Color is one of the most highly subjective aspects of design. The human eye can distinguish the light waves of varying wavelengths vibrating at different speeds that produce the sensation of color in our brains. But who knows if what one person sees is exactly what another does? Sure, it’s in the ballpark; “blue” will look blue to most of us—but do we all perceive precisely the same blue?
Talking about color in identity design will always be a challenge. (It is one of the most requested topics at the HOW Design Conference.) Beyond the physiological issues of color perception, colors have associations with emotional states, symbolism, and cultural meanings. Add to these factors the whole aspect of aesthetic preference. Color is a loaded subject, deeply personal and experientially specific to the viewer. Yet color universally accepted as a critically important aspect of any design. Why? Because color attracts and holds attention, conveys information on conscious and subconscious levels, and assists in mnemonics (or memorability).
Ultimately, it’s the designer’s job to clearly communicate with clients and colleagues, and to facilitate a common understanding about color—and its role in a brand’s visual expression.
Color names are simply linguistic labels that people attach to hues. Hues are determined by the physics of light reflection. The most dominant visible wavelength of light determines its name. Despite the complex systems that determine a color, most colors are named by association—either its relative position on the color wheel, as in blue-green, or by reference to some natural object of that hue, such as turquoise. Both terms can be used to describe the same hue. Changes in saturation can be expressed by adding a modifying label to the name, as in vivid turquoise. To describe changes in value, a reference to intensity is added, e.g. dark blue-green. Special kinds of reflection provide additional modification, like sparkling turquoise or opalescent aqua.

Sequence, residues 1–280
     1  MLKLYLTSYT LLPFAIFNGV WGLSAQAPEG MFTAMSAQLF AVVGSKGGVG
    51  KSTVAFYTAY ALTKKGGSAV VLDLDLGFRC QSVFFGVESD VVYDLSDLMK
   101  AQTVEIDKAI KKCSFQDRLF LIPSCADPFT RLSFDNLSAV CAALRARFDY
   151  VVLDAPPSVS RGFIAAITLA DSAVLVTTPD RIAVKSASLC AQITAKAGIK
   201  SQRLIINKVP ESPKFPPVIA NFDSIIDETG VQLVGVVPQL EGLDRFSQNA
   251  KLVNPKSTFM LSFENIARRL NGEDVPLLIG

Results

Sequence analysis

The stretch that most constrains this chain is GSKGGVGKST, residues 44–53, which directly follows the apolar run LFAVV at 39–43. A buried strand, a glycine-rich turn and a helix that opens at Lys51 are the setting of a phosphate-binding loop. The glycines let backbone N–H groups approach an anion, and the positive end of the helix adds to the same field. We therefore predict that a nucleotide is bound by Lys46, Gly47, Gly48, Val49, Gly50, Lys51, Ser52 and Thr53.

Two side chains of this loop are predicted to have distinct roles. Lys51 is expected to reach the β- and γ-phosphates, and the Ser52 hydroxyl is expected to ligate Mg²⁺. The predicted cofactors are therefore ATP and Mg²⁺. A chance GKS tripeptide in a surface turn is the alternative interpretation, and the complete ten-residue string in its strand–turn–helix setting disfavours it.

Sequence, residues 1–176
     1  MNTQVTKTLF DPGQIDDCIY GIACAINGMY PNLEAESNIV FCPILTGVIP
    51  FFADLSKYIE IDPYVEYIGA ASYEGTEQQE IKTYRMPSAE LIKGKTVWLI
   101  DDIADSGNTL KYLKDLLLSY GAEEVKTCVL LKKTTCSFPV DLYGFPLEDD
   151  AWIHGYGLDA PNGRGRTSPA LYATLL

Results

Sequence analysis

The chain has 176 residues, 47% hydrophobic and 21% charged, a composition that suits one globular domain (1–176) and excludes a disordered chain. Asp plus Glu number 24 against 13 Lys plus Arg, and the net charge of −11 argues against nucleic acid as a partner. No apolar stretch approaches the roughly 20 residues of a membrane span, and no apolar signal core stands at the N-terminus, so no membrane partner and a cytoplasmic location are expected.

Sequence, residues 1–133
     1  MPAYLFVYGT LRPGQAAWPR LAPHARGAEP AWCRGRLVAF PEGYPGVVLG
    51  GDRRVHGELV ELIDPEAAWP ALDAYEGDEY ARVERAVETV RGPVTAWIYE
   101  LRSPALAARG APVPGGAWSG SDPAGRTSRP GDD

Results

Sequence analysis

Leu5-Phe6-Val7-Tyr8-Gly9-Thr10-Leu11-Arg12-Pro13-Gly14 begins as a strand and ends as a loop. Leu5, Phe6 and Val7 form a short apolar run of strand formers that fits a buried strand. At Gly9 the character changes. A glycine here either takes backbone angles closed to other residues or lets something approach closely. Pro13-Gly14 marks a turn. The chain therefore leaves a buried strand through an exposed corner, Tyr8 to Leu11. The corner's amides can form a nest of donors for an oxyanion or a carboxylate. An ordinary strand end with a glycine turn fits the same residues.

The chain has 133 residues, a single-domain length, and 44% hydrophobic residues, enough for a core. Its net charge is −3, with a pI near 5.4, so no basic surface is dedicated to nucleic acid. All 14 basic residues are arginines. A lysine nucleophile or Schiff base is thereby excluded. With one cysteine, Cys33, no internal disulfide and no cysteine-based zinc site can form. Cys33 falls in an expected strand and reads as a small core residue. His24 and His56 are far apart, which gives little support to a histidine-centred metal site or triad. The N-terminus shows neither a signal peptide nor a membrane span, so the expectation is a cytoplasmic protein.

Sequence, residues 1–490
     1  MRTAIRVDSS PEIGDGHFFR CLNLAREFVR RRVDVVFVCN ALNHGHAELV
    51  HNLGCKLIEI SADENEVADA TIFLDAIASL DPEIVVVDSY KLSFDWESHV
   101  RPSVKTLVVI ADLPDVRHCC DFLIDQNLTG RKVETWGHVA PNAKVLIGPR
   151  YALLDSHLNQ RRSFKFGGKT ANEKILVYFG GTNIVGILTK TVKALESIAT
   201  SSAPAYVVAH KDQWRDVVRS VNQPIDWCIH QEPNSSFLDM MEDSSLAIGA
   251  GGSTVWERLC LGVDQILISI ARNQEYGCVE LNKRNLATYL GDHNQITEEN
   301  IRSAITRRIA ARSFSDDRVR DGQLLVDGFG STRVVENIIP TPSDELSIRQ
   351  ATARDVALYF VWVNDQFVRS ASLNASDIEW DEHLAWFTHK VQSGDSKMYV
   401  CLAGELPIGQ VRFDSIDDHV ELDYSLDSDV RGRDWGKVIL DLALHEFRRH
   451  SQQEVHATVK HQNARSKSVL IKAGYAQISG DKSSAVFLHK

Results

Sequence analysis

How We Talk About Color
Using standardized color systems, like Pantone PMS numbers, provides technical nomenclature and a shared language, especially for production conversations. But a number isn’t exactly the most evocative or convincing way to express a color’s resonance and appropriateness for a brand, particularly when you’re talking with a client. Further in the design process, once the client has agreed to a particular color scheme, using technical names or system numbers makes excellent sense.
How to Present Color to Clients
With all these variations in the language of color, perhaps a designer’s best strategy for discussing color, and getting it approved, is to show it in context. Talk the client through a color palette using names that link the choices back to their desired objectives—for example: “This handsome deep blue was chosen because it conveys a sense of tradition and strength, which is right for a financial services company.”
Too, designers should present their color choices as a well-considered system. Show the client your entire proposed color palette by applying it to various types of materials; this shows the client how the colors interact and provides confirmation that you’ve thought holistically about the color system. Always speak about how your color choices meet the creative brief and therefore, the client’s goals. If the client’s direction is that the brand should appear “young and modern,” explain that the proposed color scheme is just that.
If a client objects to a color, try to get them to address the problem exactly. If color is an overarching issue—for example, the client hates blue and blue is the cornerstone of the branding—you need to know why. Is it personal preference, or does the client actually believe that blue simply sends the wrong message? Do they agree that blue should be the dominant color, but they just don’t like that particular blue? Tease out the parameters of the client’s objection so you can either defend your choice or select another color.
Bottom line: Designers choose colors for a reason. You need to effectively communicate your color selections to your client, and using an accurate and expressive color name will support that effort. If you can use the project brief to support your color choices, they’ll seem less arbitrary to the client—and they’ll be more likely to meet with the client’s approval.